Most patients prefer that their doctors wear white coats. It’s traditional, it makes it easier to tell who the physicians are, and the white coat signifies purity, cleanliness, and other virtues. Many doctors still wear them.
I never wear a white coat, mainly because they’re hot and uncomfortable. The white coat is almost always ornamental and is rarely worn for function or comfort. More important are the cultural and class roles symbolized by the white coat. Along with the rest of our health care system, these roles have completely changed. The physician now serves at the beck and call of a corporation or government bureaucracy. These businesses and bureaucracies have a variety of agendas which are often opposed to the best interests of the individual patient.
Would it be accurate to say that the medical profession has been proletarianized? Are physicians “1) the lowest social or economic class of a community, or 2) industrial workers who lack their own means of production and hence sell their labor to live?” No to the first definition, absolutely yes to the second. The physician and his treatment of the patient are now largely controlled by insurance companies and the government. That the delivery of decent care is usually not obstructed is irrelevant. If there is a conflict between the patient and the bureaucracy, bureaucratic diktat almost always wins out.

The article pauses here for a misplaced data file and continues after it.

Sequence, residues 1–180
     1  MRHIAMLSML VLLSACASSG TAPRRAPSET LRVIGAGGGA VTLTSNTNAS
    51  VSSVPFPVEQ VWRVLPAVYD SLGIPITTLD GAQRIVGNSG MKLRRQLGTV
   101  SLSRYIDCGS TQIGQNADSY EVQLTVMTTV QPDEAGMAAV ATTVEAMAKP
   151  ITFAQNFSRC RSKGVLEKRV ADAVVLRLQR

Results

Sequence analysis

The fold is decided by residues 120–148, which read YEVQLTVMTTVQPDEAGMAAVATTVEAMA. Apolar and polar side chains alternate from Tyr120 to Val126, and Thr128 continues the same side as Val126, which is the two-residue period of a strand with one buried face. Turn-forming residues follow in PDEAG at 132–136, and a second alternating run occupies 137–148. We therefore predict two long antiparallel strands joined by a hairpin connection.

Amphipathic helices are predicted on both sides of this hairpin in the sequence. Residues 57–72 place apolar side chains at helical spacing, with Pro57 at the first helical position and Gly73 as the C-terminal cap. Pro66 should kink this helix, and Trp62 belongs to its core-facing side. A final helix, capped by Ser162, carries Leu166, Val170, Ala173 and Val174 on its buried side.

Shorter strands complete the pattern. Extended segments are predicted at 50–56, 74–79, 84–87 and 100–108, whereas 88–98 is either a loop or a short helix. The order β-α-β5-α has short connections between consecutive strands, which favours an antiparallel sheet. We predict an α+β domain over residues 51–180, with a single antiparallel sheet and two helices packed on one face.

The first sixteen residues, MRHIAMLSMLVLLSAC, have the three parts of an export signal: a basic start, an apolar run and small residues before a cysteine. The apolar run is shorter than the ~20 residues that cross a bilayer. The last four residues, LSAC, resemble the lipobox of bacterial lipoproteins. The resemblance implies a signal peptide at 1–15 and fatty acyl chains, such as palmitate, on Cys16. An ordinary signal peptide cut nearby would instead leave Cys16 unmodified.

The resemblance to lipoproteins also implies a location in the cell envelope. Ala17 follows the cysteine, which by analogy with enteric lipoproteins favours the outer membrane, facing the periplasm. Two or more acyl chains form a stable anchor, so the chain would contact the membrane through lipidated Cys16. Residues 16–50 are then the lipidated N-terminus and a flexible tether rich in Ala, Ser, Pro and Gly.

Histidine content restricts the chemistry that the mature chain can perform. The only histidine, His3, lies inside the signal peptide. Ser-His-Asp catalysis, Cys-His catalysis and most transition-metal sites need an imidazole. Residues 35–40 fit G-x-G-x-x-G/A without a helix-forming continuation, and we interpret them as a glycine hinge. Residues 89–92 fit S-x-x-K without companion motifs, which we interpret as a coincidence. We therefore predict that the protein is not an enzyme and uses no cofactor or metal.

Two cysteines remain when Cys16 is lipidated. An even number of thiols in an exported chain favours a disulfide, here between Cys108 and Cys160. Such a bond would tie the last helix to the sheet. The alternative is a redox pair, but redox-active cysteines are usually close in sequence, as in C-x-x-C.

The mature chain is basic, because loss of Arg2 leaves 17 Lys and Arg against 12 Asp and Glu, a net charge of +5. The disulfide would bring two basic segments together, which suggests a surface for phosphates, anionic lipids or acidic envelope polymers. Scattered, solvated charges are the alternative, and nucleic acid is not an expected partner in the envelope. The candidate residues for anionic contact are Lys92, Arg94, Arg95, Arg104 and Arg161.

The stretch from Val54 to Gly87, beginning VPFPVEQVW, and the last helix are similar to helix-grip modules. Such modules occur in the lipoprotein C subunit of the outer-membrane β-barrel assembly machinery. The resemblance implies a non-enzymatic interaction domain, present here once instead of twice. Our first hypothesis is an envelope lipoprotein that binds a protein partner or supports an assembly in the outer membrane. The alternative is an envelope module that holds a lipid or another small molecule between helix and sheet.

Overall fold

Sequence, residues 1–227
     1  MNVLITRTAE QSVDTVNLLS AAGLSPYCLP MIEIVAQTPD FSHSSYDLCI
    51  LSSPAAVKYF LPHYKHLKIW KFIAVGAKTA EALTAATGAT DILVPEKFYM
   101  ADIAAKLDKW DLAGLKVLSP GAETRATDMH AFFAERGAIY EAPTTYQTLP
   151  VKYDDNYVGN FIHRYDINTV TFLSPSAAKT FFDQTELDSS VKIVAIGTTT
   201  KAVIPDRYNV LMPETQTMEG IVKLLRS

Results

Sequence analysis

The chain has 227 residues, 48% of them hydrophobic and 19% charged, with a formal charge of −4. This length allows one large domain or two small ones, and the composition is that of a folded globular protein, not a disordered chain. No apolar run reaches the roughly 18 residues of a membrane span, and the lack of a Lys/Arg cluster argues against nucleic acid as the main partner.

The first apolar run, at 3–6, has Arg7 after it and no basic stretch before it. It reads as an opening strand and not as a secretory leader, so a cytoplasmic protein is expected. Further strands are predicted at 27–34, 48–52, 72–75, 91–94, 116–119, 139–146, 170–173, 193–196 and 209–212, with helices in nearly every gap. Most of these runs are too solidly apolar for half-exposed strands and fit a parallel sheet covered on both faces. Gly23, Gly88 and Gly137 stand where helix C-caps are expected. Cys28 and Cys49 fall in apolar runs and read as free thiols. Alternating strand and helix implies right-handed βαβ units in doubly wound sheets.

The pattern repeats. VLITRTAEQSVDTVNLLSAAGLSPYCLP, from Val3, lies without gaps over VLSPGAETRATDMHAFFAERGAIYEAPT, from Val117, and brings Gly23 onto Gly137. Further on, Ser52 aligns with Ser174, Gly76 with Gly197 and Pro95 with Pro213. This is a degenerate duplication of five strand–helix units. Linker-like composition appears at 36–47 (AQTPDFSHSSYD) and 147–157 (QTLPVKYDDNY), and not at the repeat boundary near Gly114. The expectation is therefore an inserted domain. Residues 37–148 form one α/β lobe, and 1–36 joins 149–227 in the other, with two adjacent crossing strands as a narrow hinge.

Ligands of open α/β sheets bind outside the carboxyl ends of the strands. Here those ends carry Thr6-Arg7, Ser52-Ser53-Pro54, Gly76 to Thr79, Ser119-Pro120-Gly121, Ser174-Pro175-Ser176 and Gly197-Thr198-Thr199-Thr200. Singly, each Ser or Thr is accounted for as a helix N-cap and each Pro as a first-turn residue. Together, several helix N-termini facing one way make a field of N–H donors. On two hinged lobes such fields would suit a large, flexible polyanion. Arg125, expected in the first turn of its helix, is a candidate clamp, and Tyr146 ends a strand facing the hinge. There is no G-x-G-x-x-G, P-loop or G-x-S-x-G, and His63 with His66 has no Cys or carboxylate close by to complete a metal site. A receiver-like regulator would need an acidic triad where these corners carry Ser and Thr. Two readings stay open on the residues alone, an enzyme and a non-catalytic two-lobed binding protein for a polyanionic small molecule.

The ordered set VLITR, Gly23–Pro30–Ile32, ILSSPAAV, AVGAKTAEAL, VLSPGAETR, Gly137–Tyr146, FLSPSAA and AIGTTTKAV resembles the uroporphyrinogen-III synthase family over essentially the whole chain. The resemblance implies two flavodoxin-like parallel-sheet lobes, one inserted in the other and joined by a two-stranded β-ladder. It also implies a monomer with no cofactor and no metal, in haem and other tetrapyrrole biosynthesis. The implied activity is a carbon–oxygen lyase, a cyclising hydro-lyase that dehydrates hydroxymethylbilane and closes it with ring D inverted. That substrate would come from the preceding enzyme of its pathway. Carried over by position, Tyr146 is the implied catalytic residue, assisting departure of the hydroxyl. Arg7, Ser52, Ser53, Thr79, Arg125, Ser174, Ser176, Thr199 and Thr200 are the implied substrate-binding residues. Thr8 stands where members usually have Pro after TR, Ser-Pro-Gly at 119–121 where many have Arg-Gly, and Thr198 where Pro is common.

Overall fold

Medicine is a decidedly middle class pursuit. Do you ever read about the society weddings in the Sunday New York Times Style Section? In the 1960s and 1970s, the couples were almost all WASPS. Now the couples are ethnically and religiously diverse, but the common denominators are still elite schools, big jobs, and big money. Careers are almost always in business and law. Very few doctors.
In fact, the physician’s white coat has always had some blue collar overtones. For one thing, as you ascend the occupational scale in the direction of increasing income and status, the uniform is almost always business attire. After all, butchers and Xerox repairmen wear white coats. Most physicians don’t have a problem with these class, status, and income considerations and decided long ago that being a physician was more fun than a job on Wall Street. I also think that most physicians could do well in a Wall Street career, but the reverse isn’t necessarily true.
Formerly, doctors were independent professionals. They were respected and affluent, to be sure, but were deeply committed to the individual patient. The independence is no more, and the status and income are declining along with the commitment.
I share an office with a physician from Hungary. He has taught me much about life under Soviet Communism. He believes that our health care system is becoming increasingly like the Soviet system. Physicians are proletarians in that system, but it’s a “dictatorship of the proletariat,” so it’s OK, right?
In the Soviet health care system, it was necessary to tip health care workers and physicians in order to get decent care. If physicians and health care workers in the US aren’t underpaid and overextended now, they will be soon. I predict that Americans will soon find themselves greasing palms in an effort to get decent health care. It’s probably a good idea to start doing so now.